I am also working on a project to better understand resilience as it pertains to worker safety, much of my work is done in worker safety, but I have a robust background that includes a considerable need for introspection.
Do you have a personal story that you can share with our readers about your struggles or successes along your journey of self-understanding and self-love? Was there ever a tipping point that triggered a change regarding your feelings of self acceptance?
I mentioned that I was laid off from one of the Big 3, but what I didn’t mention was that about this time my daughter was born one month premature and was dangerously underweight there was very little hope of her survival at first, and then the doctors came to me and told me that there was a very strong chance that my wife was going to die. I stood there numb trying to process what was going on. My daughter was in the hospital for six weeks and my wife was ill and becoming increasingly unstable. By the time my daughter was 18 months old my wife left me. I was crushed and terrified that I would lose custody of my daughter. I remember thinking “I did everything right. I had a great job, I was an excellent father, and always took the safe route, and still my life was a total mess. I was deeply in debt and struggling at every turn.” So that was one tipping point, I was determined to take more risks after that and do things the way I thought they should be done and not how society thought they should be.” I know you just asked for one but I hope you will indulge me in sharing a second story. About that time I got a job that paid about what I had been making at the auto plant and I was starting to reconstruct my life a piece at a time. We were delivering highly-scripted training and I was horrible at it and it was shown. My boss called me into his office and told me that my course evaluation scores were the lowest among the 8 trainers. I could feel myself backsliding and became deeply depressed. And then, like an epiphany, it hit me. I could control this. I knew the audience and I threw out the script. I remember thinking that if I am going to get fired it will be because of who I am, not because I can’t pretend to be someone else.
According to a recent study cited inCosmopolitan, in the US, only about 28 percent of men and 26 percent of women are “very satisfied with their appearance.” Could you talk about what
some of the causes might be, as well as the consequences?
Whenever you achieve success, there is always someone around to throw stones at you. We can change how we look, and while it’s easy to blame the media’s preoccupation with beauty I think that’s a facile argument — the job of the media is to deal with issues that people care about and we the readers are the ones who become obsessed with celebrity. We become unhappy with our lives — we don’t have a (or the right) girlfriend or boyfriend, we don’t make enough money, we hate our jobs, and so on. We don’t want to make the really tough commitments to making our lives better, so instead we become preoccupied with how we look. If we have a big nose, for example, sure we could change that, but it would involve expensive and painful surgery that is not typically covered by insurance.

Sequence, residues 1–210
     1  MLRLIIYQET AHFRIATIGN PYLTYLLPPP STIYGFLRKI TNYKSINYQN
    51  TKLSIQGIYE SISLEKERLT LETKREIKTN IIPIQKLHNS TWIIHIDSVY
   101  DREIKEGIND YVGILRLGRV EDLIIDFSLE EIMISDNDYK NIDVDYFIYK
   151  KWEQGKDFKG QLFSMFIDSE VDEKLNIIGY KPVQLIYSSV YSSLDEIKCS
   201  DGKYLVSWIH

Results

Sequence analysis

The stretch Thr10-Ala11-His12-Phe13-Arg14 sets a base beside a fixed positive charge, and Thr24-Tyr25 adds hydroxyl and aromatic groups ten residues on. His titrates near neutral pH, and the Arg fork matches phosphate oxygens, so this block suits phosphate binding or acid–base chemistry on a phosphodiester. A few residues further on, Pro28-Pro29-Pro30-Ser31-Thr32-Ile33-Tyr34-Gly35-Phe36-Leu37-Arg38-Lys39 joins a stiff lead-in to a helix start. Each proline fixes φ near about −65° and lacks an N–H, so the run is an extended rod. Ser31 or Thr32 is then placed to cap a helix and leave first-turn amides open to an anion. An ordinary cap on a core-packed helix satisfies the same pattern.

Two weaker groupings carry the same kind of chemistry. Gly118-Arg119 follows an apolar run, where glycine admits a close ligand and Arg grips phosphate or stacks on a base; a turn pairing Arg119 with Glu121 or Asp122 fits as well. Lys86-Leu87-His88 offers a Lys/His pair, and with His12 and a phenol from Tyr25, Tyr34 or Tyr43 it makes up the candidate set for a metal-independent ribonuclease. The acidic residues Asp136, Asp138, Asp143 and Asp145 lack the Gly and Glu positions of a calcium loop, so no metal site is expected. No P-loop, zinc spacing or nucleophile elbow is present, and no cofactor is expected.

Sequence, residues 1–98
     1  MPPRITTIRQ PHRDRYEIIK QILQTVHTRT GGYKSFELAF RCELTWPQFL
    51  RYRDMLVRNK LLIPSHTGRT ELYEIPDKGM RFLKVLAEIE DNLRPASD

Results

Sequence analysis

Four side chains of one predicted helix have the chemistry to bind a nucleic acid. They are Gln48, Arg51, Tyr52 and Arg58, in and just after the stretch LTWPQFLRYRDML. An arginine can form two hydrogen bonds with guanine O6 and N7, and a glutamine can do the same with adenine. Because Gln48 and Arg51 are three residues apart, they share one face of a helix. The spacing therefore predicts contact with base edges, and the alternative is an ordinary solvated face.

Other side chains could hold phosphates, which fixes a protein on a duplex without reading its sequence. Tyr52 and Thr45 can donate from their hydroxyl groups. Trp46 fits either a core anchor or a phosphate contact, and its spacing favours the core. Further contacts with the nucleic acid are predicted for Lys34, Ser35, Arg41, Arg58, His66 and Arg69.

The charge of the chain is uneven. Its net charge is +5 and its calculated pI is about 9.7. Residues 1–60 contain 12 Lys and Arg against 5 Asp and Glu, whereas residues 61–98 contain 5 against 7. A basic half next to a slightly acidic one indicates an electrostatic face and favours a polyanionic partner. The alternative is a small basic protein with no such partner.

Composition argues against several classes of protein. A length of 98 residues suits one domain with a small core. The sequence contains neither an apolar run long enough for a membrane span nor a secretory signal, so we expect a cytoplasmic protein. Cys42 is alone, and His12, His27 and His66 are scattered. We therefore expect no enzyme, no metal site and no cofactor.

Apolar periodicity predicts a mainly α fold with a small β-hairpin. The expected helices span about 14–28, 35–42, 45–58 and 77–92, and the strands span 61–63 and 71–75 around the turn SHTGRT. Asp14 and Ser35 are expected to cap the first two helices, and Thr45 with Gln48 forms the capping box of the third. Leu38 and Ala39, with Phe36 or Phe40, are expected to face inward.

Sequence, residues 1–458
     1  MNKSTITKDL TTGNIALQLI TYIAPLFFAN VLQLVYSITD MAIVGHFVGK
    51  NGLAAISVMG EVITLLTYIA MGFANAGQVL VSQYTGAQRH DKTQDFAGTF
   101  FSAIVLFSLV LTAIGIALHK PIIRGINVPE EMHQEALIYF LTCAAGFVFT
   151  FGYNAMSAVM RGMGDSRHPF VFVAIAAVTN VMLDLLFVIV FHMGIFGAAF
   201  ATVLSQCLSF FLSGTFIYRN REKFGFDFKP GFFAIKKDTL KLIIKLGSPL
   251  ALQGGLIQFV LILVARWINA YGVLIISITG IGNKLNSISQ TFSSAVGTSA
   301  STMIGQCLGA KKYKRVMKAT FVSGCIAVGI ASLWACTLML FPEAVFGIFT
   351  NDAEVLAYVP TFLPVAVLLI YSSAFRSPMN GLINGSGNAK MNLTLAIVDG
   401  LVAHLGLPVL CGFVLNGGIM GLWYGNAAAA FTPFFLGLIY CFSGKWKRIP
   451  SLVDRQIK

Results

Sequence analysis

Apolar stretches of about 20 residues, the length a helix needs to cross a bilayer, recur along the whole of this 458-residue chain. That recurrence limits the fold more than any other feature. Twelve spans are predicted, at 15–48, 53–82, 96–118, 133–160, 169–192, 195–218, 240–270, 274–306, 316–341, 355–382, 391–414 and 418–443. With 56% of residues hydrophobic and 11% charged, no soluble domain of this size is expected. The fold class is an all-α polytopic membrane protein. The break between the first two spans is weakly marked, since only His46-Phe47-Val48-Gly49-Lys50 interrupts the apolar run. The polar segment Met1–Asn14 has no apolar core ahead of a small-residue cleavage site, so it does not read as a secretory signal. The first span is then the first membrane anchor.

It is far easier to see yourself as a victim than it is to do what it takes to make the journey to loving oneself. If you really are unsatisfied with your life a good measure of this dissatisfaction rises from not only not loving yourself, but in many cases not even liking yourself. If you don’t love yourself it makes it very difficult for others to love you. This dislike of oneself leads to failures in dating, failures at work, and a downward spiral of self-loathing. It can lead to suicide, domestic violence as I mentioned, violence, alcoholism, or drug use. It also you makes you less resilient. Resilience is a person’s ability to bounce back from tragedy. The highly resilient person not only can rebound more quickly from a bad breakup or the loss of a loved one, but studies have shown that happy, optimistic, people living purposeful lives, in other words, more resilient, have stronger immune systems and they get sick less frequently and recover more quickly.
As cheesy as it might sound to truly understand and “love yourself,” can you share with our readers a few reasons why it’s so important?
For starters at the end of the day, YOU have to live with yourself and living with a miserable complainer who you can’t stand is exhausting. I didn’t always love myself, and while I sometimes disappoint myself, I am so much happier than I was ten years ago. My job involves travelling all over the world, and when you travel so much can go wrong. I found myself complaining about the service I got in restaurants, in hotels, at car rentals, and even complaining that I was paying for cable that I was never home to watch. And then one day I just couldn’t stand it anymore. I realized that I couldn’t control these things, but I COULD control how I responded to them. I devised a simple plan: for every complaint I made I would complement people who do a good job with equal vehemence. If I escalate a complaint to the executive office I would force myself to examine my life and find THREE situations that I could complement to that same extent.